Don't forget the Linux HTPC Howto (5, Informative)

Anonymous Coward | more than 9 years ago | (#12168351)

There is a guide much like this already, and that has been around for some time and is still updated regularly that is Linux oriented (The Linux HTPC Howto). The information regarding how DD/DTS work and what soundcard to pick and how to get HDTV working quickly was very useful to me.

ahref=http://www.linuxis.us/linux/media/howto/linu x-htpc/ [slashdot.org] http://www.linuxis.us/linux/media/howto/lin ux-htpc/>

Fixed link (1, Informative)

Anonymous Coward | more than 9 years ago | (#12168426)

here [linuxis.us]

Re:Don't forget the Linux HTPC Howto (0)

Anonymous Coward | more than 9 years ago | (#12168617)

The Linux HTPC howto has 25 times the amount of information that the article posted does. It may not cover specifics about which software is better but it does enough that you know what to pick. I would think hardware is more important that software, since you can't download new hardware.

The Linux Howto goes over everything much better than "Get the largest 7200 RPM drive you can afford" It goes over Raid, LVM, and filesystems and gives you tests that help you decide what would work best for you. (There's even a deals page where they list where you can get drives for under $.35 a GB!)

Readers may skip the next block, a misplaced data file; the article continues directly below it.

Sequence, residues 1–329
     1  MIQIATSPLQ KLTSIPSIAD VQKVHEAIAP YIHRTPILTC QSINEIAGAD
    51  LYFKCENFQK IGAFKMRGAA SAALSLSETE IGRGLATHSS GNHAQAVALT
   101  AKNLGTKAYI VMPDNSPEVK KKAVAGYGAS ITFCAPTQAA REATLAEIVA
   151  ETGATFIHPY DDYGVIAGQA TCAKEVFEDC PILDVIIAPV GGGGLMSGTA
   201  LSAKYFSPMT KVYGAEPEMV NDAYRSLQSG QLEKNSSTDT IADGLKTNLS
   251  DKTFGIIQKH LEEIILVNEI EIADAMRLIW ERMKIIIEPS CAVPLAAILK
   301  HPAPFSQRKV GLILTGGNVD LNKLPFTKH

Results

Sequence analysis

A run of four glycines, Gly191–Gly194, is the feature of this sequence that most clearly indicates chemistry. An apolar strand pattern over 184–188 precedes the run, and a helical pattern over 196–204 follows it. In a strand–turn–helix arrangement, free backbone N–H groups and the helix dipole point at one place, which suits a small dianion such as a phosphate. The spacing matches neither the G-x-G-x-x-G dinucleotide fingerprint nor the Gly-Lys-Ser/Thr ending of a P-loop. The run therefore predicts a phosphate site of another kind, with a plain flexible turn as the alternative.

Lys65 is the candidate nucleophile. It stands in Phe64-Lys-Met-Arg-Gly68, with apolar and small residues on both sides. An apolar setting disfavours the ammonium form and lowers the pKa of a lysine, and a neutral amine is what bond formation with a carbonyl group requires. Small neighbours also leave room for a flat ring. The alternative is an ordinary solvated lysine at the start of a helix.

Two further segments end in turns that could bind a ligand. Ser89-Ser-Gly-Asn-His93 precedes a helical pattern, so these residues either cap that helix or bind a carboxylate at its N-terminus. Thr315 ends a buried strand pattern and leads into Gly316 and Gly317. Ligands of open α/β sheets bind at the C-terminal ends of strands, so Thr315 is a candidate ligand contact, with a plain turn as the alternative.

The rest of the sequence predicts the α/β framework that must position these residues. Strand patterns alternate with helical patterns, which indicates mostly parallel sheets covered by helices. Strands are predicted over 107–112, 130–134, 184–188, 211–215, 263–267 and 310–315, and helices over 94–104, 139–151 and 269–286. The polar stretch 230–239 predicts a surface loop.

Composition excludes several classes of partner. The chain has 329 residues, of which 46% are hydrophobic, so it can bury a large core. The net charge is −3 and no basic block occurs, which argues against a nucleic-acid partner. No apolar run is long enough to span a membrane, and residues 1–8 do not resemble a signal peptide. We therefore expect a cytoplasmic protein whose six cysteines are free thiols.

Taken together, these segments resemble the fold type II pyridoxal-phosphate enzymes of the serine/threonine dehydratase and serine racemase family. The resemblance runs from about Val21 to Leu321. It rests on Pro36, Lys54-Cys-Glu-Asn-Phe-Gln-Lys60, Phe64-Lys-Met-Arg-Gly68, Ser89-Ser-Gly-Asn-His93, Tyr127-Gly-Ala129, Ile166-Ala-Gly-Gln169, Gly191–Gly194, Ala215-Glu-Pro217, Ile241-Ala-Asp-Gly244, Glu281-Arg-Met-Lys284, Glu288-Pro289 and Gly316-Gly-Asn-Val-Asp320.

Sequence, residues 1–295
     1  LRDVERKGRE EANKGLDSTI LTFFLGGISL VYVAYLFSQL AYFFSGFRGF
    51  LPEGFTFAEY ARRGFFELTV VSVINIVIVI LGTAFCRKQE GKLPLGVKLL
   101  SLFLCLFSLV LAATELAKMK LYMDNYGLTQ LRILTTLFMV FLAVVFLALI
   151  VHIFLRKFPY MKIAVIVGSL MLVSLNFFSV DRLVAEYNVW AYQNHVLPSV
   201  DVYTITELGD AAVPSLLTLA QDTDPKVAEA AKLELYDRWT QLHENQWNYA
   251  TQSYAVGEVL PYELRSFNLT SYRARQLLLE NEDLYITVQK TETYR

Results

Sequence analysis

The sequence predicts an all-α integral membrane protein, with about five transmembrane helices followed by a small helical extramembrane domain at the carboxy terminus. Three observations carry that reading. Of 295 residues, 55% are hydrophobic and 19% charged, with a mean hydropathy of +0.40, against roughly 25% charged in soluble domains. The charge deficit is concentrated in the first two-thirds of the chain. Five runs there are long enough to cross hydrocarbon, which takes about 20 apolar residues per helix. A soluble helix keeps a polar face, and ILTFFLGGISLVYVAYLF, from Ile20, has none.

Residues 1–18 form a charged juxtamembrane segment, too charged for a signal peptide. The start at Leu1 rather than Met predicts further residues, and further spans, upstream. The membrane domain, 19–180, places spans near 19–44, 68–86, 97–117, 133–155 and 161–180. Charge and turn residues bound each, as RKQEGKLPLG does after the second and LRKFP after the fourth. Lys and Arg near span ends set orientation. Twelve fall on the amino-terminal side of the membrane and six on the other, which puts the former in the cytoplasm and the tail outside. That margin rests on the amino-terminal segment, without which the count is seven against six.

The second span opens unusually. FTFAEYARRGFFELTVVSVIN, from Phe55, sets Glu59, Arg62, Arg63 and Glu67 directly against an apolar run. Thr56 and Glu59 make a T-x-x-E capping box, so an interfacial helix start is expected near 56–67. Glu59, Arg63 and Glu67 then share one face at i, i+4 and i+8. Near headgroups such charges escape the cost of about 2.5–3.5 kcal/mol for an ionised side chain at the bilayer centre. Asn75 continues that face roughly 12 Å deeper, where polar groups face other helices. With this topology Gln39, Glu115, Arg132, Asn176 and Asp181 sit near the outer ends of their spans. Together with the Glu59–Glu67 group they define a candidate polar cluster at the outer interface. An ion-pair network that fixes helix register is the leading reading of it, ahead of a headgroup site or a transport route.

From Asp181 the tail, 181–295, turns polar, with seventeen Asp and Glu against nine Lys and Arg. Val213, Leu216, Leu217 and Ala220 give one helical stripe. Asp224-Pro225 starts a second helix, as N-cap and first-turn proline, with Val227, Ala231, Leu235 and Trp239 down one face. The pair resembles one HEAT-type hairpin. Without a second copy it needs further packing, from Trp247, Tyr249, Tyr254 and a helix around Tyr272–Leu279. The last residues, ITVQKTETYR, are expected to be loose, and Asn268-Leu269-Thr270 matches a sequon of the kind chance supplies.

Home Theater Recommendation? Heard of Prof. Audio? (1, Offtopic)

Evil W1zard (832703) | more than 9 years ago | (#12168353)

I am getting a new house built and I have the option of having a subcontractor install a in-ceiling or in-wall surround sound system. They of course are trying to sell their product so they say their stuff is the greatest of course, but I can't seem to find jack about the type of speakers they use. I can either get a 7.1 or a 5.1 surround package using Proficient Audio speakers, but there aren't any reviews that I can find of that kind of speaker. I am also indecisive about getting 5.1 or 7.1 (I have been told not to go with 7.1 because it hasn't really taken off yet, but I am not an audio guy so I really can't rebut anything they say) Anyone had any experience with Proficient Audio (good or bad)... I plan on buying a PRISMIQ media hub from good ol' Thinkgeek and running MP3s and other things through my TV and hence through my surround sound set-up, but I don't want to wind up buying crappy speakers that are prone to blowing up! What say ye?